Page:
Cardamom, the intensely aromatic sweet spice native to India, is a precious asset to cooks all over the world. You'll see it sold pre-ground or as green pods with small seeds packed inside. Buy the pods, if possible; the spice loses aroma and flavor quickly once ground. Crack open the pods, remove the seeds, and grind to a powder in a coffee grinder or a small mortar.

Whole pods work beautifully in savory dishes from the Indian repertoire, such as curries and pilafs, where they add complexity. The spice comes into its own, though, in ground form in sweet baking dishes, from the Finnish cake-bread called pulla to the rice-flour shortbread cookies in the recipe here. I also love it in rice pudding and to flavor whipped cream.

Cardamom also gives a great lift to hot tea and coffee. No need to grind—just crack pods before using them. Make a warming chai by tossing several cardamom pods into the teapot, along with tea, minced ginger, and/or black pepper. In Arab cultures and in Ethiopia, coffee is often flavored with cardamom. To make, crack two pods and add them to your French press along with the ground coffee before you pour in the hot water. The water will draw flavor and aroma from the cardamom as the coffee steeps.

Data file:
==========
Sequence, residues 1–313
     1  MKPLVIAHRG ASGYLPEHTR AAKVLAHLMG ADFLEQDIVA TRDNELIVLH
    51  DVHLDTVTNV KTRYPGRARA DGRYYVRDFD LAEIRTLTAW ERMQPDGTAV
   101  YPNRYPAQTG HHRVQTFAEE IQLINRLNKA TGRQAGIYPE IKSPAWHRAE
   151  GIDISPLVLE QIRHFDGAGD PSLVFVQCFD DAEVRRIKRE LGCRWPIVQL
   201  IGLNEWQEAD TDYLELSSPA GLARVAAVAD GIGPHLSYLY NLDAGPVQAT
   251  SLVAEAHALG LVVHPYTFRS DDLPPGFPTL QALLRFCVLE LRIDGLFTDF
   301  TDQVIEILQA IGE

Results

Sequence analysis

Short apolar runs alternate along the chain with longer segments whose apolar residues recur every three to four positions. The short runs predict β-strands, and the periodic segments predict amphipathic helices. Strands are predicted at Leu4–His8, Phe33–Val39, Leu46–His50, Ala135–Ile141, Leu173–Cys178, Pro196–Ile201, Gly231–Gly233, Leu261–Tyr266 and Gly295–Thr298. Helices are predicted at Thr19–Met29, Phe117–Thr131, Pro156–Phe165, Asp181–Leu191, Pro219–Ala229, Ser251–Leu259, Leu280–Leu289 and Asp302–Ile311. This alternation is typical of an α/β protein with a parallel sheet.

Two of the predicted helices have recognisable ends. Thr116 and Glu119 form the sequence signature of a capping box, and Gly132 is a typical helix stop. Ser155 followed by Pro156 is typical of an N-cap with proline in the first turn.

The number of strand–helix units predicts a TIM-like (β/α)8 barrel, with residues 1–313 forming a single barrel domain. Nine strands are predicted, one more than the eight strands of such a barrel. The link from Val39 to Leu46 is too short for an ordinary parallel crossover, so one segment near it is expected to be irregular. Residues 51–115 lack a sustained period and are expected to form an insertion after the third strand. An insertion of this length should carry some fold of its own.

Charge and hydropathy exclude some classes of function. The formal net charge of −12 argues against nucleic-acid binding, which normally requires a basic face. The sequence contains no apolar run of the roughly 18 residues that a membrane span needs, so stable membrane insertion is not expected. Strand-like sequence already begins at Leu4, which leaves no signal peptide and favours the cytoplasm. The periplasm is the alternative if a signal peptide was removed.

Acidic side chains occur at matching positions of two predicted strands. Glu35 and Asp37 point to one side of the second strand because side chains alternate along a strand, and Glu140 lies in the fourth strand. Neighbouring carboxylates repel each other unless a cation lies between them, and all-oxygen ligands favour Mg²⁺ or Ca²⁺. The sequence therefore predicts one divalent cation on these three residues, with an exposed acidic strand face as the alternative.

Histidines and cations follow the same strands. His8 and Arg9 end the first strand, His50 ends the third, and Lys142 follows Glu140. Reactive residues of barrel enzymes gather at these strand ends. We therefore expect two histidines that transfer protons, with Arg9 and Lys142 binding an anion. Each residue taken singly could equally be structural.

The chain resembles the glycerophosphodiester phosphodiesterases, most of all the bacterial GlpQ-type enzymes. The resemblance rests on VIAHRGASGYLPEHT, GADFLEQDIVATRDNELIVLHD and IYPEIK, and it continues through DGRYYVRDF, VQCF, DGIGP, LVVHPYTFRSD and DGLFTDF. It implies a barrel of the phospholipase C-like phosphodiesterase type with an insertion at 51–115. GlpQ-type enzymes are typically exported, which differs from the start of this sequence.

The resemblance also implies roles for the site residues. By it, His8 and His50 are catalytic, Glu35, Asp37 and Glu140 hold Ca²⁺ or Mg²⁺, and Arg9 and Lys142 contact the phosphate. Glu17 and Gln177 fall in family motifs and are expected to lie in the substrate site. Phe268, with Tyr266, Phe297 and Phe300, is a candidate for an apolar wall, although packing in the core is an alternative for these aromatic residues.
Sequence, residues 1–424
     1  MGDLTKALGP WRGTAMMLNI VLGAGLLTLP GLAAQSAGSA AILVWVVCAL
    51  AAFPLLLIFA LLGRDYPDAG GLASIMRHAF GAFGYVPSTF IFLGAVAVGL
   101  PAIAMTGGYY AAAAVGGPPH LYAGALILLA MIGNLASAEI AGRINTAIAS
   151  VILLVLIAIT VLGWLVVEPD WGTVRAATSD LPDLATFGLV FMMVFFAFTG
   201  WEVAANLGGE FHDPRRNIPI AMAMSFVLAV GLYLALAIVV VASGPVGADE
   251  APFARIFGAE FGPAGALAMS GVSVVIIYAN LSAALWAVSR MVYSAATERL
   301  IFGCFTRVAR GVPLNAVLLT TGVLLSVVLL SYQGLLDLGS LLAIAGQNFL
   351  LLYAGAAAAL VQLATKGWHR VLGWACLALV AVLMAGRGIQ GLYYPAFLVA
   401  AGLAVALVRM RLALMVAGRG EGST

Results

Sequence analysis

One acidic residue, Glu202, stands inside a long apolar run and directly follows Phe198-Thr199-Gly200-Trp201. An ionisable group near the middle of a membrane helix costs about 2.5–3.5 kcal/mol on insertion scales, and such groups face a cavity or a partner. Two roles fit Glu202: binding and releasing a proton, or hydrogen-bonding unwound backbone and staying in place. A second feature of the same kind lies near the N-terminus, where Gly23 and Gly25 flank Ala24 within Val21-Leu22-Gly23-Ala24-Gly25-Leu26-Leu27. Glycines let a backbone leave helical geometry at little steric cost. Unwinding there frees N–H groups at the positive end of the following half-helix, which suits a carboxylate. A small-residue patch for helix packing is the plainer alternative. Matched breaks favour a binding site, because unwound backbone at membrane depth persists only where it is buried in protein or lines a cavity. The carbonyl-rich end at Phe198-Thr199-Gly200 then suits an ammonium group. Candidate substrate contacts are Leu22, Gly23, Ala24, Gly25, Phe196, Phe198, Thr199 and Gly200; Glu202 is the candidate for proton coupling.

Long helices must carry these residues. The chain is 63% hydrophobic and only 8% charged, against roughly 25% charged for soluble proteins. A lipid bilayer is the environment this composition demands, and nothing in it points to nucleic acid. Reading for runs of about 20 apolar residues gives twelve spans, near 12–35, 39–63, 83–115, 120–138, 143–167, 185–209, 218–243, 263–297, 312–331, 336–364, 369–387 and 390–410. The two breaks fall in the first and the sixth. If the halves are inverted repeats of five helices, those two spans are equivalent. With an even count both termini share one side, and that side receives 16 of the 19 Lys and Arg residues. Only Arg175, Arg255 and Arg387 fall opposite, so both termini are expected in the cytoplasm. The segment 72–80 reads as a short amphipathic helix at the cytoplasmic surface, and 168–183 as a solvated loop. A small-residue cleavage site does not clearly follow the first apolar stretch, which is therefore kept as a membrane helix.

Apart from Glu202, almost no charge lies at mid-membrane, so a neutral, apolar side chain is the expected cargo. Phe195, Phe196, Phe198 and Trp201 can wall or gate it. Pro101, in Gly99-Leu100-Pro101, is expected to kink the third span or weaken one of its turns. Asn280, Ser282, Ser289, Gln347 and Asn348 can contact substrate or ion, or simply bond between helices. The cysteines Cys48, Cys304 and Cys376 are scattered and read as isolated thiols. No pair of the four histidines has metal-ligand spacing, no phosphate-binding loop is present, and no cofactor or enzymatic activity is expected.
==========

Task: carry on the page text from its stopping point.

by Naomi Duguid, award-winning cookbook author